Sheffield-based SME Magnomatics has partnered with ORE Catapult to develop its state of the art in wind turbine generator technology by reducing the cost of the turbine and increasing the efficiency of the generator to reduce the cost of energy.
The Compact High-Efficiency Generator (CHEG) project was established in 2018 and delivered a 500kW pseudo direct drive (PDD) generator based around Magnomatics’ innovative magnetic gear technology. The PDD technology replaces the traditional turbine generator and gearbox with a single, magnetically-geared permanent magnet generator. As gearboxes are one of the most common sources of component failure in offshore wind, PDD technology could have significant advantages in terms of reliability and lower maintenance costs when scaled up to the size of current offshore wind turbines.
The Catapult’s research team has played a key role in the development, specification and concept model review of the generator, while our testing team are developing a rigorous programme to prove and demonstrate the prototype’s feasibility in our 3MW powertrain test facility. The project team has established a potential 2.9% reduction in the cost of energy through using the highly efficient system – which, along with lower maintenance costs, makes the switch to PDD generators an attractive prospect.
As part of the UK Research and Innovation (UKRI) Driving the Electric Revolution Challenge, Magnomatics returned to partner with ORE Catapult to complete further trials of its 500kW compact, high-efficiency generator, whilst exploring more efficient scale-up concepts and the potential for developing a long-term UK supply chain for full scale generators.
The novel component in this technology is a pole piece rotor (PPR), a cylindrical structure comprising multiple axial steel pole pieces within a non-magnetic composite structure. In operation these pole pieces are subject to significant forces and complex cyclical loads. The 500kW generator currently incorporates the largest PPR to date at 2m diameter, however, the construction techniques used for this can be expensive and labour intensive.
The WIND Electrical Revolution (WINDER) project takes this concept further by introducing new instrumentation installed in the generator and then extensively dynamometer testing to better understand the behaviour of the PPR under wind turbine loads and cycles. Using its 1MW drivetrain test rig, ORE Catapult both performed the test and validated the data, with further product validation set to be performed on concept designs, ensuring the PPR achieves the expected product lifetime of 25+ years.
The University of Sheffield’s Advanced Manufacturing Research Centre (AMRC) – part of the High Value Manufacturing Catapult – is also providing Design for Manufacture input and support to Magnomatics for production of pole-piece rotors in much larger 20MW generators to further reduce the Levelised Cost of Energy.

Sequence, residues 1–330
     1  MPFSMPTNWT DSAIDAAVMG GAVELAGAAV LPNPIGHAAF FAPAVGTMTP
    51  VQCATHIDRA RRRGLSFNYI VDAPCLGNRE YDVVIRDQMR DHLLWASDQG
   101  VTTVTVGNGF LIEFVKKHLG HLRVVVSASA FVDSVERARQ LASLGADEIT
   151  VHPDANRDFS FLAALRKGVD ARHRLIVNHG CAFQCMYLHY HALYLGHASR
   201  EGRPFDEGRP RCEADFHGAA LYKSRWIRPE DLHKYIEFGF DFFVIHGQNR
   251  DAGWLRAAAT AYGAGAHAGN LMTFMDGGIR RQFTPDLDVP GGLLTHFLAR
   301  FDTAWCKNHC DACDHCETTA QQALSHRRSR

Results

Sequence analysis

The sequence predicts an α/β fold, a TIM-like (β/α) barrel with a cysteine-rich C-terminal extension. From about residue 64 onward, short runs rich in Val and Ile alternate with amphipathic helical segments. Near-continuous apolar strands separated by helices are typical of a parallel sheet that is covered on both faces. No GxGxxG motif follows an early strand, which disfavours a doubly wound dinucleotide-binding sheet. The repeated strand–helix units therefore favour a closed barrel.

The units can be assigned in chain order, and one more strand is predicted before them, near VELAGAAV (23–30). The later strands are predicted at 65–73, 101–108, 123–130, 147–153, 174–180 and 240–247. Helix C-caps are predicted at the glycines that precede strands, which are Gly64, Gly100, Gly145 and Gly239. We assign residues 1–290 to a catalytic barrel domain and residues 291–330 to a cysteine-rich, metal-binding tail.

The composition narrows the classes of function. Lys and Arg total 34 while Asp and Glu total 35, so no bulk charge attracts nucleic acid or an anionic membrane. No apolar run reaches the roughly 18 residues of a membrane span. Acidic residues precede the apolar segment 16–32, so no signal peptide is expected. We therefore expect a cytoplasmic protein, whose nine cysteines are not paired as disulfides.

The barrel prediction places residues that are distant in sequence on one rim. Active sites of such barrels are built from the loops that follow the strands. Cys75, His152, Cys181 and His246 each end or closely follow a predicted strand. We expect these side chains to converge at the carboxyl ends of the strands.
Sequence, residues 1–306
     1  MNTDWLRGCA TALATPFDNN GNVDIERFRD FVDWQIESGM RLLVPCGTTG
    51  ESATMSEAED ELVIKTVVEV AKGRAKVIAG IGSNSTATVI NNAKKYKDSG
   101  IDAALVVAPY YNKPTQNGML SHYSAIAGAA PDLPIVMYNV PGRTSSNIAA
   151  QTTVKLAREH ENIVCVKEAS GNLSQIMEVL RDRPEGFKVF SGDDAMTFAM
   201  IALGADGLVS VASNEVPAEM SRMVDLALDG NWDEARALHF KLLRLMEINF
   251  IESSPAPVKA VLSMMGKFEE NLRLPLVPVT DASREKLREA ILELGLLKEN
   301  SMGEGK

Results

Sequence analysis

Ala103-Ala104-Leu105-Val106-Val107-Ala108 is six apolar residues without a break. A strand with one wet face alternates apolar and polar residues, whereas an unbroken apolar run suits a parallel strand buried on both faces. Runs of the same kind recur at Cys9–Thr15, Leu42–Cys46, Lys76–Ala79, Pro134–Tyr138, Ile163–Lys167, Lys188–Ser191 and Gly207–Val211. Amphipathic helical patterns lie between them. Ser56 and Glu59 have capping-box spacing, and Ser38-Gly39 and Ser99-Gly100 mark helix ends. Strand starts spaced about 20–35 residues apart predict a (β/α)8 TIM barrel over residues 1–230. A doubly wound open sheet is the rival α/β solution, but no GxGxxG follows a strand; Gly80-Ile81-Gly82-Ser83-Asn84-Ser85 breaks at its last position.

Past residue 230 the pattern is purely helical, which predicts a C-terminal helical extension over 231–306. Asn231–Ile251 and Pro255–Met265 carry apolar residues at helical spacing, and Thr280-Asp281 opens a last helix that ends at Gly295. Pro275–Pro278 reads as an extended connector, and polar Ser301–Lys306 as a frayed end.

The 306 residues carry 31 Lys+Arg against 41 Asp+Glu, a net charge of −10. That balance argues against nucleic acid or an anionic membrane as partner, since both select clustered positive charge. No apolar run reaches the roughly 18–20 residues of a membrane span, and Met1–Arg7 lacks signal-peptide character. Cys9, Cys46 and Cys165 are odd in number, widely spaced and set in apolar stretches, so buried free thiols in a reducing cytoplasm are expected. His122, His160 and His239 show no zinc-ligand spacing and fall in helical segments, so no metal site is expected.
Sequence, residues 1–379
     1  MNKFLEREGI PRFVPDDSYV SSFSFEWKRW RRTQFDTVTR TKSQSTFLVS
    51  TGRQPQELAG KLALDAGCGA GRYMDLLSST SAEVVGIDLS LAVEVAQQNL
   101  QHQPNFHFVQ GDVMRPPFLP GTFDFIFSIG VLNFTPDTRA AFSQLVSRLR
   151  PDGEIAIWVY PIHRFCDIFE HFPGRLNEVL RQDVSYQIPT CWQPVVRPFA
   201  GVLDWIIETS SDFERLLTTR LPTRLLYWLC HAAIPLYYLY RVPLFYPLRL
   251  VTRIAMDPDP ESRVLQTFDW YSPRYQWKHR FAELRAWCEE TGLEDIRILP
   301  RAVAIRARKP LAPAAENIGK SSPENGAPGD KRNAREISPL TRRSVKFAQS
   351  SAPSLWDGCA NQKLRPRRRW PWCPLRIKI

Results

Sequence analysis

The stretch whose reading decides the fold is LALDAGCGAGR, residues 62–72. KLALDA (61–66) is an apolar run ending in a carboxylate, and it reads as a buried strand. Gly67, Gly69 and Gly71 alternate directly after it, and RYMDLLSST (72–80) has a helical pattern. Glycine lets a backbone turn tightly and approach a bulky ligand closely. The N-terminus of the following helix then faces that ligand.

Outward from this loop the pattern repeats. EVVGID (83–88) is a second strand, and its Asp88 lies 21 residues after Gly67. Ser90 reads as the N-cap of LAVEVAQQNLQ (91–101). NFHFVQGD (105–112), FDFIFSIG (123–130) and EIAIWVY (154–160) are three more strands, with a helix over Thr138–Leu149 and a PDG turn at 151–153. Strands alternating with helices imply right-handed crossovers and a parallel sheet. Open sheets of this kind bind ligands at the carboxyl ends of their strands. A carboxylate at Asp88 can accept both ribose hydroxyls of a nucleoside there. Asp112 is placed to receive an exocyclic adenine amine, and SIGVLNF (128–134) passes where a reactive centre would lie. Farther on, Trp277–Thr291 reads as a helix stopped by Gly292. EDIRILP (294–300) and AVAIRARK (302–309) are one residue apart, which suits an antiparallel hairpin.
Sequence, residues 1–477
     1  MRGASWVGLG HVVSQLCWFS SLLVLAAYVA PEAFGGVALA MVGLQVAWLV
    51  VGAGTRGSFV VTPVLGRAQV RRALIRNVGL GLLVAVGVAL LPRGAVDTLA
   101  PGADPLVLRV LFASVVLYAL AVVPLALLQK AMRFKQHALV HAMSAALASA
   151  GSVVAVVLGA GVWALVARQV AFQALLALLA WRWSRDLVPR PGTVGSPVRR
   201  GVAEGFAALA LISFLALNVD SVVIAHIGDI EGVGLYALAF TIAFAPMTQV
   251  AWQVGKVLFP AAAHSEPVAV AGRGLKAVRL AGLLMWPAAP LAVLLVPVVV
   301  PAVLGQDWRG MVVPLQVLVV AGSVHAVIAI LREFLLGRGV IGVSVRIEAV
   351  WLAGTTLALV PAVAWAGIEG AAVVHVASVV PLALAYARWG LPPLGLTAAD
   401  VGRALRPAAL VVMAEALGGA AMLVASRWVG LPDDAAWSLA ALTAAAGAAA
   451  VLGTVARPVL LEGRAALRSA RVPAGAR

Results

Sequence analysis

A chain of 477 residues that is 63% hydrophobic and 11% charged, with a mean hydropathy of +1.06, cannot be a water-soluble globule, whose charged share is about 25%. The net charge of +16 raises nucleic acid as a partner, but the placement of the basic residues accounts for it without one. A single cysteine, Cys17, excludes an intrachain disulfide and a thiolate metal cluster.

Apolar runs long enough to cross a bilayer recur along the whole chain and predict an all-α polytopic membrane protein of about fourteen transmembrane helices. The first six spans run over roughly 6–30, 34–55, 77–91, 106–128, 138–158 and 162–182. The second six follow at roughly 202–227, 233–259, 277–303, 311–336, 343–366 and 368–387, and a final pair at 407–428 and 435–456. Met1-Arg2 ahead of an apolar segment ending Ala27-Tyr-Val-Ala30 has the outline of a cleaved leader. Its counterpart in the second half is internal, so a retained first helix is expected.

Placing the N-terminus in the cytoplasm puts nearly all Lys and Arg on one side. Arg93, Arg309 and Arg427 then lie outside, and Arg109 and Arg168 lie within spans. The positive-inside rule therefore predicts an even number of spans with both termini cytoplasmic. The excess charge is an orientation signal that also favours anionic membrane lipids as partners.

AMRC also worked with Magnomatics on the ROBOMAG project to explore how robotic technologies can optimise the manufacturing process and drive big productivity improvements for its wind turbine generators, which form part of its Pseudo Direct Drive (PDD) generator technology.
A labour-intensive process to position powerful permanent magnets onto large generators for offshore wind has been made 60 times faster by automation experts at the AMRC, cutting down the cycle time from one hour to just 55 seconds for each magnet. It is also the one of the first ever supply chain improvement projects to be funded by the Offshore Wind Growth Partnership (OWGP) and a great example of the UK’s innovative supply chain in action to be cost-competitive through advanced manufacturing techniques, and a key step in anchoring offshore wind manufacturing activity in the UK.
As the UK gets set to quadruple its offshore wind capacity by 2030, PDD designs can potentially offer a reduction in the levelised cost of energy of between 2% and 3% compared to mechanical geared or direct drive generators. This means that testing and demonstrating the PDD design with ORE Catapult was critical for Magnomatics, which has since been able to attract significant investment in its innovation, supporting the company’s huge scale-up ambitions.
“The facility here is unique in the country, and as a result of demonstrating the technology with ORE Catapult, we’ve had a global engineering company take an exclusive option to use our technology for offshore wind. The support the Catapult has provided has been enormous for us, and I don’t think we could have done it without them.” said David Latimer, CEO of Magnomatics
David continued: “This is a UK invention that has global significance in the climate change challenge, and we hold the IP and design expertise here in the UK. As we scale up the technology, we are looking to engage our UK partners in manufacturing support and technology.”